To write a complex expression, it first has to be expressed in English. In our first example, a discount was created based on the subtotal being greater than 100. Let’s modify that condition to this: "If the subtotal is greater than 100 and the subtotal is less than or equal to 200, then apply a 10% discount." This conditional contains a second condition tied to the first part with "AND." The "AND" means both parts have to be true in order for the total expression to be true. The implementation is exactly as stated.

event.value = 0;
// Initial discount value var nSubTotal = this.getField("subtotal").value;
if ( (nSubTotal > 100) && (nSubTotal <= 200) ) event.value = nSubTotal * 0.10;

This code is nearly the same as the first example. The only difference is the addition of the second condition. But there are a few very important details here worth noting. The first is the use of the compound comparison operator "<=". Using this operator has made our job much easier because it’s packing two comparisons into one. The sub-expression returns true for two conditions, subtotal is less than 200 and subtotal is equal to 200. Without the compound comparison operator, we’d have to write the expression with three conditions.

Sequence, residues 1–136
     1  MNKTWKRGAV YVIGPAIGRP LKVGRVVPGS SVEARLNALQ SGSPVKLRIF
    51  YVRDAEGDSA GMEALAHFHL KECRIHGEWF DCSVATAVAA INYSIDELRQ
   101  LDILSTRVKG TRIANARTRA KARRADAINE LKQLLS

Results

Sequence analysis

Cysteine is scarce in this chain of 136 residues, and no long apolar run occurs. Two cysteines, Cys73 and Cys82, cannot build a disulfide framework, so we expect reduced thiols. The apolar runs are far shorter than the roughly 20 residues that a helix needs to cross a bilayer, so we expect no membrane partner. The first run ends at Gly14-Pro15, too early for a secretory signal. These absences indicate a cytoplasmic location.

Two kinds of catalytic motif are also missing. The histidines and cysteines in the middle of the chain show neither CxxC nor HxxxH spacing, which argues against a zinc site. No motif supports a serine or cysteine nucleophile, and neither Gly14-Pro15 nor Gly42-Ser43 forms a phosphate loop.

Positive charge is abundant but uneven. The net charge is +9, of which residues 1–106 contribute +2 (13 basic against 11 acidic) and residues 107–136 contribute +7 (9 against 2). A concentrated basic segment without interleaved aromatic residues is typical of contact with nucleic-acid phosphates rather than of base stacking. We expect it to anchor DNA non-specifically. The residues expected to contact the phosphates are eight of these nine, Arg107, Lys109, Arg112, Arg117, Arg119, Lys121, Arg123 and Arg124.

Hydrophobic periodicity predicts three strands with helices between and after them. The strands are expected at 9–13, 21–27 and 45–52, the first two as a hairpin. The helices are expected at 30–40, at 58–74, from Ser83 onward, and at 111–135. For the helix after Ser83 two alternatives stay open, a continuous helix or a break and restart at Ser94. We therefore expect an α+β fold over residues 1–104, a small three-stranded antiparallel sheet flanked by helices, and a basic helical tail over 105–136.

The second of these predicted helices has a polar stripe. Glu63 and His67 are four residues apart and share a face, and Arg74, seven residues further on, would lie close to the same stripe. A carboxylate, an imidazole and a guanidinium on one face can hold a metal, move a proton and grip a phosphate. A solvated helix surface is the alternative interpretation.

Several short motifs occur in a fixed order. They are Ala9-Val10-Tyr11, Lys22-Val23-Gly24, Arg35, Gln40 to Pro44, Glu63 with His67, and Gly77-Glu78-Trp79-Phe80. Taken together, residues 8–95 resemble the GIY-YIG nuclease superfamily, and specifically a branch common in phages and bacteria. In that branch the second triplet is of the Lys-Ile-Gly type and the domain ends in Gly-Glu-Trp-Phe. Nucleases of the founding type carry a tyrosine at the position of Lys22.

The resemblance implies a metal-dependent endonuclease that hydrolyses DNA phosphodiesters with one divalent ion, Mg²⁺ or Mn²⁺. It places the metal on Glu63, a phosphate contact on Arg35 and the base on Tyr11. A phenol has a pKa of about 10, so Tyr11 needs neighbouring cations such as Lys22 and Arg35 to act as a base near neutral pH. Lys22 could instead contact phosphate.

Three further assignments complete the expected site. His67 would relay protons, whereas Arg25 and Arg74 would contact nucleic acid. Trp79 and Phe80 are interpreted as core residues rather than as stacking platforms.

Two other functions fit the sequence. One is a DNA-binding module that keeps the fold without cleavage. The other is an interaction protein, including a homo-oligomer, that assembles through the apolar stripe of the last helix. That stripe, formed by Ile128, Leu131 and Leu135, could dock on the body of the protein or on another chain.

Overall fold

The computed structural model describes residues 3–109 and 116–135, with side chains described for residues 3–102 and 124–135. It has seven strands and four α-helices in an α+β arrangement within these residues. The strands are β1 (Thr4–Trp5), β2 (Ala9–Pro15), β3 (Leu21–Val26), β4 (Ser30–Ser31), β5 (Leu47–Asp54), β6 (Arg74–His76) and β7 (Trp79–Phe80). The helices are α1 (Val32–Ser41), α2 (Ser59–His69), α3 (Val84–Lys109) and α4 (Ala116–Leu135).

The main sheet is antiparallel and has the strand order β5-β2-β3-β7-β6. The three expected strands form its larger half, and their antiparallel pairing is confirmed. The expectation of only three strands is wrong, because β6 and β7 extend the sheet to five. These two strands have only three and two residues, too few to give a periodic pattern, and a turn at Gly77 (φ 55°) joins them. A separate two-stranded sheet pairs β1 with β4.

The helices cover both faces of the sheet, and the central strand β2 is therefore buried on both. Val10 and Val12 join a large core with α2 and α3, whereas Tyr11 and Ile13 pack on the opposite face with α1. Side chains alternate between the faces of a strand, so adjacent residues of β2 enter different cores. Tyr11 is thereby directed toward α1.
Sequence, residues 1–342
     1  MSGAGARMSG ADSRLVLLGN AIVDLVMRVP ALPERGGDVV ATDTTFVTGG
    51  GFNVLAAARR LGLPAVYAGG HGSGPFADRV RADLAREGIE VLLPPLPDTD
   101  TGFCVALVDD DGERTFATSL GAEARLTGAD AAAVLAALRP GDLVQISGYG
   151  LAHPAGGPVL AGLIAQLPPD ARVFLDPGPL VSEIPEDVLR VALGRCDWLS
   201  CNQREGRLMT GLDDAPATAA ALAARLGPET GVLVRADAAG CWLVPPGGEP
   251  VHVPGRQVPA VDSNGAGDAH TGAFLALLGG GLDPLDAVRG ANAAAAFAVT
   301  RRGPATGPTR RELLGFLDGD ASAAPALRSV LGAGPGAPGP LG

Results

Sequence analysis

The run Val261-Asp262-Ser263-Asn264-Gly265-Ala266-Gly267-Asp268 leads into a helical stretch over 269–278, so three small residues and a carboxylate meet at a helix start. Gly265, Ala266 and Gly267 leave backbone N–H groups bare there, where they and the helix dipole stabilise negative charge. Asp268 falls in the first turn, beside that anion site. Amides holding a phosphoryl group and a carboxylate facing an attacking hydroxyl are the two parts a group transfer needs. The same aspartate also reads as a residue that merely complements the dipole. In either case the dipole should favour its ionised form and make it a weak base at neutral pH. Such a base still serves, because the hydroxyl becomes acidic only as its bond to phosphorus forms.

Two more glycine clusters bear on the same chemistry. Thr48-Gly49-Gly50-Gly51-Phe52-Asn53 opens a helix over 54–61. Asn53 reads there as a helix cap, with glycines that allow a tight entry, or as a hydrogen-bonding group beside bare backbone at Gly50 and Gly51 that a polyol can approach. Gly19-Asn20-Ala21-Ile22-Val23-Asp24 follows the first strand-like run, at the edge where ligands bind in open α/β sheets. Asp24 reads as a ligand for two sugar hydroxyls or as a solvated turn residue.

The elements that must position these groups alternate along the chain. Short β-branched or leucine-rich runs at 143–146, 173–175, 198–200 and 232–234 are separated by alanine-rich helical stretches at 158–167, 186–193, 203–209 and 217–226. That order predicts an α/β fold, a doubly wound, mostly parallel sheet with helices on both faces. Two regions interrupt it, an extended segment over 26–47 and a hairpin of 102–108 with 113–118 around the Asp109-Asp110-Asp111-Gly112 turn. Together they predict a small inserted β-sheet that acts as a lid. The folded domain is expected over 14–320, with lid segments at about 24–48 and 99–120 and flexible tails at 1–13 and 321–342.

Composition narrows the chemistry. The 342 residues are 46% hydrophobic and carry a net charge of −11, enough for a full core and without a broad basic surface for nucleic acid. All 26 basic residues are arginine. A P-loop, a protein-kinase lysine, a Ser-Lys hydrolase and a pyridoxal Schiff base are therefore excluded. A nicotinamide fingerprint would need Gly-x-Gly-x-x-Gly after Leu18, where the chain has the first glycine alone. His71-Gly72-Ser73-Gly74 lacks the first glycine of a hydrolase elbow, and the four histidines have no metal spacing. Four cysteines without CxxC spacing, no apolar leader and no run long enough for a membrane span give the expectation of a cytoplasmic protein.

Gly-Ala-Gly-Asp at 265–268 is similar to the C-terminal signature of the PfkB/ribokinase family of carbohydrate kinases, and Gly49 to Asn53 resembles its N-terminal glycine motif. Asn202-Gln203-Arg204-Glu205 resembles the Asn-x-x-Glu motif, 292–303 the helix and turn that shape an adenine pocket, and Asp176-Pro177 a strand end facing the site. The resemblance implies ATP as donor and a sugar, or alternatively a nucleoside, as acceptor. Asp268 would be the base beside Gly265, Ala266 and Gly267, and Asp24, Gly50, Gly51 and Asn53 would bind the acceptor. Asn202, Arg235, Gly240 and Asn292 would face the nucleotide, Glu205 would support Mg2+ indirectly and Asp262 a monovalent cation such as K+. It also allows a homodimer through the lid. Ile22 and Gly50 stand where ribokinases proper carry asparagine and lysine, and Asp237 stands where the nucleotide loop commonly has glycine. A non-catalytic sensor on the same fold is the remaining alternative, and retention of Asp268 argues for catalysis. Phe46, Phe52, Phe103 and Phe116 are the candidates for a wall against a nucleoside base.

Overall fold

The second detail of note is that the two comparisons are grouped using parentheses. This is important for two reasons. First, it makes reading the code easier, and second, it ensures proper execution of the expression. Strictly speaking, the parentheses are not always necessary, but unless you are an expert at precedence of operator execution, you should always group the sub-expressions you want to execute as a single entity. Otherwise, the JavaScript engine may just decide to do the execution differently.

And finally, we get down to the "&&". This operator only returns true if both conditions are true, so this is where we need to make sure our conditions make sense. You can very easily write nonsensical expressions. For example, here’s a small change to our Boolean expression.

(nSubTotal < 100) && (nSubTotal > 200)

There is nothing wrong with this code as far as the Acrobat JavaScript engine is concerned. It will not complain, but obviously this expression will never be true. A number cannot be both less than 100 and greater than 200. This may seem silly, but it is surprisingly easy to set up unrealistic and conflicting conditions.

To stretch this concept a bit further, let’s add an additional layer of complexity by also applying the discount when the customer is a member of our company website, as indicated by a checkbox on the form. So, our statement of conditions is now: "If the subtotal is greater than 100 and the subtotal is less than or equal to 200, or if the members checkbox is checked, then apply a 10% discount." The "if" statement is shown below, but for brevity, the supporting code is not included; and to make the groupings more obvious, the parentheses are color-coded: